Somebody--Yglesias?--was talking about War Bonds in World War II. Hey, I used to own one of these! Given to me for my--seventh? eighth?--birthday. The face was $18.75 and the maturity was 10 years with a maturity value of $25. This all looked like pretty heavy sugar to me but I suspected--correctly, as it turned out--that I'd never see any of it. Probably went for something silly like education.
My recollection is that it was a 10-year term bond. I've long assumed it was a pretty terrible investment, but here's something I didn't know how to do in those days: extract the 0.1th root out of that series and you have the implied annual rate. So (25/18.75)^(1/10)-1 = just a shade under three percent. The CPI Calculator shows me that the inflation rate starting in 1943 was about four percent. So, it is a loser.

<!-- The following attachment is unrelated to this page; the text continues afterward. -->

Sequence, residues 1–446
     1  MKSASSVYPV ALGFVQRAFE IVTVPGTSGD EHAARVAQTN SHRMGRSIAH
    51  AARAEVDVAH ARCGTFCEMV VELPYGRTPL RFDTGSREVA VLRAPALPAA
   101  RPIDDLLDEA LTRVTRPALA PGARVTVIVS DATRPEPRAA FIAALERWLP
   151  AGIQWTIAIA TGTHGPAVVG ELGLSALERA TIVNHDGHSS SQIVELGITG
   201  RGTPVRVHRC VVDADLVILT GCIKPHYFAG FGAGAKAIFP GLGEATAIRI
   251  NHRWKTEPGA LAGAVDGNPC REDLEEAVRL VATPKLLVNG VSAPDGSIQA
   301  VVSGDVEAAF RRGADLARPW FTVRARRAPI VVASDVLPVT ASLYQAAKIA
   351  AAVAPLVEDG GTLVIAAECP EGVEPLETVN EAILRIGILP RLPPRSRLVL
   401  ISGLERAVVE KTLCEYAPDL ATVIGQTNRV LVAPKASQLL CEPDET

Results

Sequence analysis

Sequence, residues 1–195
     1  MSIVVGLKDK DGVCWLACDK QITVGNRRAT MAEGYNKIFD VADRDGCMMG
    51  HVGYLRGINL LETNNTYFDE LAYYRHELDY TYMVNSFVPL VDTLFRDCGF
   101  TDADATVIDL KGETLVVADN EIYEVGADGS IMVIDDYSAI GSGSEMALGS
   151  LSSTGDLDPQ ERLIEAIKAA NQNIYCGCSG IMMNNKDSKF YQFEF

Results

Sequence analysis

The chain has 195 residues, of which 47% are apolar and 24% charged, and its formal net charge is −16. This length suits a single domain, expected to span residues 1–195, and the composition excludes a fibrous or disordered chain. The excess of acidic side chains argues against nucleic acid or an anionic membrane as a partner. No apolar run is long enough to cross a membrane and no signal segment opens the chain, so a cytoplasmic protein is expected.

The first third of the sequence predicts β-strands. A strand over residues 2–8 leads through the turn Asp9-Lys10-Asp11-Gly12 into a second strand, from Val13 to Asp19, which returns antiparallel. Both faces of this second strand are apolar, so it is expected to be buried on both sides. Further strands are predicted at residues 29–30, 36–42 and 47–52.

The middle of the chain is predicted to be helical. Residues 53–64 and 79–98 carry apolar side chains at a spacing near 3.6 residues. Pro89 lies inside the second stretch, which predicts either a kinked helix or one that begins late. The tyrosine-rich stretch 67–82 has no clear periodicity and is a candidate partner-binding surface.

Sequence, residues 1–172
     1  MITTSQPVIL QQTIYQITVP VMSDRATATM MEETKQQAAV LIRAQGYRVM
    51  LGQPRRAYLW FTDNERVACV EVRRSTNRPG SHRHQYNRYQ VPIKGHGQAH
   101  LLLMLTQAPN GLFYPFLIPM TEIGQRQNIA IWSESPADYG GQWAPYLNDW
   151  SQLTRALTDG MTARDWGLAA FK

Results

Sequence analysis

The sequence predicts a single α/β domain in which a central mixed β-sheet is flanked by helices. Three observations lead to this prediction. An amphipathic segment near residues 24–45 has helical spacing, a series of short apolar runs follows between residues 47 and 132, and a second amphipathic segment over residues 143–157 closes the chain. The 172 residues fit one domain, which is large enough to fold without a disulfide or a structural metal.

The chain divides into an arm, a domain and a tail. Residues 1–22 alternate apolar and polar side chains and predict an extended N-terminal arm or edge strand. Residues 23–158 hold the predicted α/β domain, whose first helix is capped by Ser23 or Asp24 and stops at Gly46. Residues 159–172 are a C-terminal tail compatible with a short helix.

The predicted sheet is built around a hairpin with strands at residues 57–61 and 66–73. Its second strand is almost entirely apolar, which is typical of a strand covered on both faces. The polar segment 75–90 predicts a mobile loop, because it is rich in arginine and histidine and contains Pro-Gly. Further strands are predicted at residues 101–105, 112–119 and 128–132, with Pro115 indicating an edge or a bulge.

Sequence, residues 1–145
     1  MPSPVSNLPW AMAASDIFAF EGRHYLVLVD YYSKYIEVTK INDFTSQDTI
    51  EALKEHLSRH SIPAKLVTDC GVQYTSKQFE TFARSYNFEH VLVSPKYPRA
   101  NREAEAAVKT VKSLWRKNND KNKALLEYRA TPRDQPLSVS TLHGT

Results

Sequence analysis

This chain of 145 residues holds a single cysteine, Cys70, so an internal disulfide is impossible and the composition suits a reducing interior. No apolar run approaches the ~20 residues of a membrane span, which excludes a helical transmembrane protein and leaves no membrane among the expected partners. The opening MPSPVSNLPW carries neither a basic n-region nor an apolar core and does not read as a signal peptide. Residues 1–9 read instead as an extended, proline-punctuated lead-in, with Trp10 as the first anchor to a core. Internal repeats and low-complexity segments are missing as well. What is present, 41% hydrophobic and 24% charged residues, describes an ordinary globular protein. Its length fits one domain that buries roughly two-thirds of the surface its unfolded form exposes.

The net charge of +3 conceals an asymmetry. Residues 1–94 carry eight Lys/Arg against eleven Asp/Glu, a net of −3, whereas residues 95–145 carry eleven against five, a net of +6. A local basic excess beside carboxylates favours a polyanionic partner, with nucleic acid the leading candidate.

But wait, folks. Flipping through my copy of Homer and Sylla A History of Interest Rates (I knew I would be glad to have this book someday), I find that the yield on a prime corporate bond in February (birthday month!) 1943 was 2.57 percent--in 1944, just a gnat's eyebrow different, at 2.56 percent.
So the government bond was actually better than a corporate (and come to think of it, as I recall, the income on each was taxable).
Meanwhile, if I count right, the return on the Dow was about seven percent annual, without counting dividends. But there is that pesky business of capital gains...